Boy, do I miss Dominick Dunne.
I thought of him the other day as I was planning my summer reading, because his books were really the best kind of reading for a lazy summer day. Murder, high-society, and scandal. I don't know about you, but those are exactly the kind of subjects about which I want to read while lounging by the pool. (Can't you just picture being on a sunny beach- slathered in Bain de Soleil Orange Gelèe, no less- with a copy of The Two Mrs. Grenvilles in one hand and an Evian Brumisateur in the other?) But salacious subject-matter aside, Dunne's books remain compelling because they were well-written. Dominick Dunne was no hack writer.
This stroll down memory-lane prompted me to pull my copy of Dunne's memoir, The Way We Lived Then: Recollections of a Well-Known Name Dropper, down from the shelf. Of course, Dunne's reminiscences of his life in 1960s-era Hollywood are fascinating as are the many photos of the rich and famous who frequented the Beverly Hills home that Dunne shared with his wife and children. But what really captures my attention are the photos of Dunne's house, which was furbished in an elegant and rather formal style. This really doesn't come as a surprise considering that the Dunnes and their friends often dressed in formal attire to attend weeknight dinner parties.
When you look at these photos, you'll notice quite a bit of trellis, some of which had been installed especially for the Dunnes' Black and White Ball in 1964. When My Fair Lady was released, the Dunnes had been enchanted by the film's Cecil Beaton-designed Ascot scene, which was famously decorated entirely in black and white. This scene inspired the couple to host a Black and White Ball, which was attended by Hollywood's A-list crowd. The ball was also attended by Truman Capote, who by the looks of Dunne's photos appeared to have had a very good time. Capote, of course, went on to host his own Black and White Ball, to which the Dunnes were not invited. As Dunne once said of Capote, "he was duplicitous." But back to the trellis. The Dunnes chose to keep some of their trellised-party decorations in situ, a decision which is completely understandable. That trellis looked too beautiful to dismantle.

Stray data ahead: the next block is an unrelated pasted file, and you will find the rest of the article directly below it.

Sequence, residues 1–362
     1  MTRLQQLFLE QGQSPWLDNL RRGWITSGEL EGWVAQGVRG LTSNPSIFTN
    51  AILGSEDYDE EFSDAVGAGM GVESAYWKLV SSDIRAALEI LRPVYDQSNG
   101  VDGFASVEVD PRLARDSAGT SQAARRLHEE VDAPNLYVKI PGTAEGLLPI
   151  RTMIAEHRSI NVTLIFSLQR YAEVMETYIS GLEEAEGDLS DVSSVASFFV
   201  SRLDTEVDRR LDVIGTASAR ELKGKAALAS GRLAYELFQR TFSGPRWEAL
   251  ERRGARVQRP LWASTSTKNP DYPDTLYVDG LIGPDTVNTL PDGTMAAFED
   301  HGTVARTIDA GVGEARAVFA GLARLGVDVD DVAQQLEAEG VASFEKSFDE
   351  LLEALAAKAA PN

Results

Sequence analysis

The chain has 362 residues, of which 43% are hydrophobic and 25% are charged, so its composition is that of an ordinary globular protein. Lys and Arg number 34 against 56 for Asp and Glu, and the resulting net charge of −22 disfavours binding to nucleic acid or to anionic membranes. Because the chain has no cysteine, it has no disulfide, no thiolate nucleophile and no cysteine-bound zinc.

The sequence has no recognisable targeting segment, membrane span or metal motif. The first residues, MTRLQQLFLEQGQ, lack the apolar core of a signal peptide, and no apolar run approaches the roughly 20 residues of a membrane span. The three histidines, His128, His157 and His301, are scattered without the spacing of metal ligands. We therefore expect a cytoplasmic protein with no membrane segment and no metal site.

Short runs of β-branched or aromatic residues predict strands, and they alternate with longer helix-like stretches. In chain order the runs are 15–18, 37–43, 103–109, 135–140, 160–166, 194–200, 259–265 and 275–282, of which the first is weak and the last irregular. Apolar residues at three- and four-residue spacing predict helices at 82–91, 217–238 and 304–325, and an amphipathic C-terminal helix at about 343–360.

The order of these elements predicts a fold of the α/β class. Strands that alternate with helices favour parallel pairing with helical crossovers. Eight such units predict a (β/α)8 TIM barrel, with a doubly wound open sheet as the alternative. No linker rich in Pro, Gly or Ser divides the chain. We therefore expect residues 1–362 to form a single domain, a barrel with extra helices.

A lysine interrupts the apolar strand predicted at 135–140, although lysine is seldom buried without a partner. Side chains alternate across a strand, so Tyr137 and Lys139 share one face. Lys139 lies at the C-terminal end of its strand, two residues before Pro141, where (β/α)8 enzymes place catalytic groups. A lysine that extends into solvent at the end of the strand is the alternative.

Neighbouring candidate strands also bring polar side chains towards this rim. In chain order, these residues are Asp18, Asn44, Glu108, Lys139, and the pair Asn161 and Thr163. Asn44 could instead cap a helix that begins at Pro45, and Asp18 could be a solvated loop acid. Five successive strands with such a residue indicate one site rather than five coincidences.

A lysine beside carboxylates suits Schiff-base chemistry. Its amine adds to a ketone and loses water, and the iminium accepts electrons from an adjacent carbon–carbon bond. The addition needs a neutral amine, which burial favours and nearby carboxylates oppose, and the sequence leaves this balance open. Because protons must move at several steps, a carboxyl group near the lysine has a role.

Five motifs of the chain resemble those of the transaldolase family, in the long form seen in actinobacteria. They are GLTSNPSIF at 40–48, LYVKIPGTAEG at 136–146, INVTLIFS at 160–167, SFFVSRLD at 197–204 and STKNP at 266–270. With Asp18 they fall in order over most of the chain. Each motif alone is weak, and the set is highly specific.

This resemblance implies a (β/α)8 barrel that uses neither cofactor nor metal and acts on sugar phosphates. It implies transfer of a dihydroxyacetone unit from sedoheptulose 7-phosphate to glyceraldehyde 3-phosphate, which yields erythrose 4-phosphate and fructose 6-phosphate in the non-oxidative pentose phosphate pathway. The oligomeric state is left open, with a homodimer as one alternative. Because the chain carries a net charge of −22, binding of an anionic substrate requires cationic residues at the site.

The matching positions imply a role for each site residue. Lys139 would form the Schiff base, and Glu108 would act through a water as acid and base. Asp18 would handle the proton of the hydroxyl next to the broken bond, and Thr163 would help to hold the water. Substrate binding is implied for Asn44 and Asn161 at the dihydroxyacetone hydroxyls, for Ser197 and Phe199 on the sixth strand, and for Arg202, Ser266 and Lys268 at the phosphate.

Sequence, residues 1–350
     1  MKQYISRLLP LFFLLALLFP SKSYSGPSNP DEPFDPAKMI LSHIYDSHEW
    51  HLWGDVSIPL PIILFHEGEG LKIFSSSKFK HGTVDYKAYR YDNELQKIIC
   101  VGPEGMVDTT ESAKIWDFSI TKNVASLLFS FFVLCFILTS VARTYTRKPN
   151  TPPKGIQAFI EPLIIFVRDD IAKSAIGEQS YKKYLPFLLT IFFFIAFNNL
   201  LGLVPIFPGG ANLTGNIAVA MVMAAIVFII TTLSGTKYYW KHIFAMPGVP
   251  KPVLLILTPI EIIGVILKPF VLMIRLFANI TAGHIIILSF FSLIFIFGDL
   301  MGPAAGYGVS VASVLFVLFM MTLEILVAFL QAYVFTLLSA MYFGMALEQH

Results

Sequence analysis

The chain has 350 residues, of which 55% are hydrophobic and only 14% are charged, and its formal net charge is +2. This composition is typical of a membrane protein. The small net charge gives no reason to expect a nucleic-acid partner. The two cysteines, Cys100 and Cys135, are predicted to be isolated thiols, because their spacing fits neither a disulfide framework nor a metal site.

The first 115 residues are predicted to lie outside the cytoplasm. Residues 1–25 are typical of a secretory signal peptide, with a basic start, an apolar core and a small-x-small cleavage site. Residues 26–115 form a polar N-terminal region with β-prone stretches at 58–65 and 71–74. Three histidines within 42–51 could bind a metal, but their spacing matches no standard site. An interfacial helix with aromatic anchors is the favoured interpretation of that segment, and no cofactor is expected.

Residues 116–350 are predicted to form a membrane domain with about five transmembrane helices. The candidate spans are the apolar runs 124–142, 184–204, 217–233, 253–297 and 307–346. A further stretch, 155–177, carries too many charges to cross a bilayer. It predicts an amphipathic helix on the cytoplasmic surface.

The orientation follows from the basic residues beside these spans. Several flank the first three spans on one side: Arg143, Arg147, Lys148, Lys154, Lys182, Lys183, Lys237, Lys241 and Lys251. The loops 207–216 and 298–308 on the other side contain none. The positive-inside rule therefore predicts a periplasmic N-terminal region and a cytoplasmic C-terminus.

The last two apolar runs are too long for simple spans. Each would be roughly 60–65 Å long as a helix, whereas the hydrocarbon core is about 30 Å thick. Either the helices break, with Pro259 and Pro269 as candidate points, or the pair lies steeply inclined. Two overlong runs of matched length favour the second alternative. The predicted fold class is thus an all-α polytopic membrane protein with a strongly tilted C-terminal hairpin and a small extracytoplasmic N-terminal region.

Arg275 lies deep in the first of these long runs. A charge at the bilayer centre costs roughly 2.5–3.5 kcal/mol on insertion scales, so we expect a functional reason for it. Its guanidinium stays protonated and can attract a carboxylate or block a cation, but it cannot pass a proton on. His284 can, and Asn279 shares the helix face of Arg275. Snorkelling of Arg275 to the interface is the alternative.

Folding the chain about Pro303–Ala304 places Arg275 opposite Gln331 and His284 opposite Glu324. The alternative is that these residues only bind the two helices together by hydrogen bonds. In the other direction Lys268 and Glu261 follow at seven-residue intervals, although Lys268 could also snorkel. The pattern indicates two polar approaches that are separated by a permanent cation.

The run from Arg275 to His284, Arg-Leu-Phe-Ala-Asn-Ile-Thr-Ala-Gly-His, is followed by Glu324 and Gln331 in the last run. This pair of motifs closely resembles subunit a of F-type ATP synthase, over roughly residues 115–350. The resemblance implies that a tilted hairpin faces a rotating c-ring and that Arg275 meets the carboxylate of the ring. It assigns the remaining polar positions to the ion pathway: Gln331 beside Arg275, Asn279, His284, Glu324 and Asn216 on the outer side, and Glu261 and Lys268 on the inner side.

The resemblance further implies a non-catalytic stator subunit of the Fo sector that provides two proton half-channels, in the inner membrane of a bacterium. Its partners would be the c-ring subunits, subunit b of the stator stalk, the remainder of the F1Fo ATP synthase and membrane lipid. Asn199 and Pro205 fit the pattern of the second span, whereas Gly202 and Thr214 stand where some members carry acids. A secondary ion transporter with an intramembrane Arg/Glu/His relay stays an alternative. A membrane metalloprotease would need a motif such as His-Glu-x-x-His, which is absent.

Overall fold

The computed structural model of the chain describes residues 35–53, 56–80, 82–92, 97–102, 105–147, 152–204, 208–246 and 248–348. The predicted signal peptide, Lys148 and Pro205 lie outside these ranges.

And later this week, I'll take you on a brief tour of Dunne's Connecticut home, which might have lacked the beautiful trellis but which was no less striking.
All photos from The Way We Lived Then by Dominick Dunne and the documentary, Dominick Dunne: After the Party.